For my mother, it was a quick and easy dinner to make on a Sunday night. For me as a child in the 1970s in Germany, Toast Hawaii was the culinary highlight of the week: buttered toast with a slice of boiled ham and a slice of canned pineapple, topped with a processed cheese “single” and put under the broiler until the cheese is golden brown and bubbly. This type of food was quite unusual in my family, as otherwise I grew up mainly on wholesome dark bread, real cheese, and almost no processed foods. Although my mother worked a full-time job, she cooked most meals from scratch and rarely bought convenience foods. So of course as a kid I had to love Toast Hawaii!
Toast Hawaii had been introduced already in the 1950s by German TV cook Clemens Wilmenrod, and it was still going strong as a popular snack in the 1970s. Wilmenrod was not a trained chef; he cast to the wind basic cooking techniques, much to the dismay of professional chefs, and his often-odd concoctions relied heavily on canned and processed ingredients. He was also notorious for his surreptitious advertising, ostensibly displaying certain brands in front of the camera. His TV show, which ran from 1953 to 1964, was nonetheless very popular.
Other typical foods of the 1970s in Germany were white asparagus spears, usually from the can, wrapped individually in a slice of boiled ham; cheese cubes with grapes or olives on toothpicks inserted into a turned-over melon half and known as “Cheese hedgehog” (Käseigel). Its carnivore variation, the “Ground meat hedgehog” (Mettigel), takes the cake: a neatly shaped rounded heap of raw ground pork, into which ultra-thin pretzel rods or uniformly cut sticks of raw onion were inserted. Thankfully, the reluctance of German consumers to eat raw meat has relegated this atrocity mostly to 1970s theme parties.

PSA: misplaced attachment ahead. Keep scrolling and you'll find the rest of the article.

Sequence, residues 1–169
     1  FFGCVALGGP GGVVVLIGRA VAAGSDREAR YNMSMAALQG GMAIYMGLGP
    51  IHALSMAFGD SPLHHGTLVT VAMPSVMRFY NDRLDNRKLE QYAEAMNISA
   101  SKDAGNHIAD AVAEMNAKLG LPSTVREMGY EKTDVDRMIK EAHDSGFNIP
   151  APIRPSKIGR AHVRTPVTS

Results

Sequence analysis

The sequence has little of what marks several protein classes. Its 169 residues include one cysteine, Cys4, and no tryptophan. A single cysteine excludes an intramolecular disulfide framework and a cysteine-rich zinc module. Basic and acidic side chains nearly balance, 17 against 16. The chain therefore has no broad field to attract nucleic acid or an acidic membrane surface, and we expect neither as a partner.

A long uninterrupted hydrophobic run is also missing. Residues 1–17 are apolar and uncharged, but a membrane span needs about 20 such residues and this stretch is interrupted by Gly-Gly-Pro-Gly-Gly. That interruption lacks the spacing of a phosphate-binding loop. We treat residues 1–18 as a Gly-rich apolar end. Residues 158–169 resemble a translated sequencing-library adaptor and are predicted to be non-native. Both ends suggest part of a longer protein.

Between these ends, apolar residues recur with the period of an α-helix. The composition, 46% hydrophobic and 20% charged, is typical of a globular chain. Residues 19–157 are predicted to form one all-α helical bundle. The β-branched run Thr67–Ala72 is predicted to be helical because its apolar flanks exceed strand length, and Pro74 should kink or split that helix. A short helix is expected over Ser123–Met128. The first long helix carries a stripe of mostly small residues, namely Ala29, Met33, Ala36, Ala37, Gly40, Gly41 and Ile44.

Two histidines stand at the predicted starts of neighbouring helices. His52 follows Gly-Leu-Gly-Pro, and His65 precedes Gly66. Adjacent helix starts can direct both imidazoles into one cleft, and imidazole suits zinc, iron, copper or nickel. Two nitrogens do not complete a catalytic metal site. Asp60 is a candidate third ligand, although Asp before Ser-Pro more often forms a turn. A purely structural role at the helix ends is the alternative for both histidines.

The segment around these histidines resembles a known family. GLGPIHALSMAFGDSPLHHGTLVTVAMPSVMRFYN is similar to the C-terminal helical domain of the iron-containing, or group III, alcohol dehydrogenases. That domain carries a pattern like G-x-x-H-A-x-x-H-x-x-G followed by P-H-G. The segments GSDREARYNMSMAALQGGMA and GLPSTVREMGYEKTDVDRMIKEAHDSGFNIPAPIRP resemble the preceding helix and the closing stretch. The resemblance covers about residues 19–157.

I do admit that for pure childhood nostalgia, I order Toast Hawaii once in a while when I find it on the menu of a restaurant in Germany. The other typical foods of the 1970s are best left to the annals of food history.
The big exception is Bowle, a punch where fruit is steeped in white wine for several hours, then mixed with sparkling wine or champagne. This typical 1970s drink is still, or again, popular at summer parties in Germany. And it is delightful when made with fresh, ripe fruit. Therefore I included Strawberry and White Wine Punch (Erdbeerbowle) in my book.
Bowle is also delicious with peaches. German recipes for Bowle abound, often with sugar or liqueur added. I do not see any need for that if using fully ripened, sweet fruit of good quality, and a good wine. One easy way to adjust sweetness without adding any sugar is selecting a sweeter wine.
Thanks to a German friend who loaned me her set, we had Bowle with white peaches true to style this weekend: in an authentic Bowle serving bowl, where the cups are attached to the rim. Yet no Toast Hawaii to eat with it. And for sure no “hedgehog” of any kind…
Peach and White Wine Punch (Pfirsichbowle)
4 to 5 ripe large peaches, preferably freestone
1 organic lemon
1 bottle chilled white wine (half-dry or semi-dry is best)
1 bottle chilled champagne or sparkling wine
A few fresh mint leaves
1. Wash the peaches and cut an X in the bottom of each peach. Bring water to a boil in a wide pot. Drop the peaches into the boiling water and leave them in for 1 to 2 minutes. Remove with a slotted spoon and drop into a bowl of cold water.
2. When the peaches are cold enough to handle, carefully remove the skin without damaging the flesh. Halve the peaches and cut them into even bite-size chunks. Wash the lemon and cut into slices about 1/8-inch thick. Remove any seeds.
3. Place the peach chunks and the lemon slices in a punch bowl or a large glass bowl. Pour the wine over them and chill for at least 2 hours.
4. Remove the lemon slices and add the champagne and mint leaves. Serve chilled, using a decorative ladle to fill individual glasses with the punch.
Makes 12 to 16 servings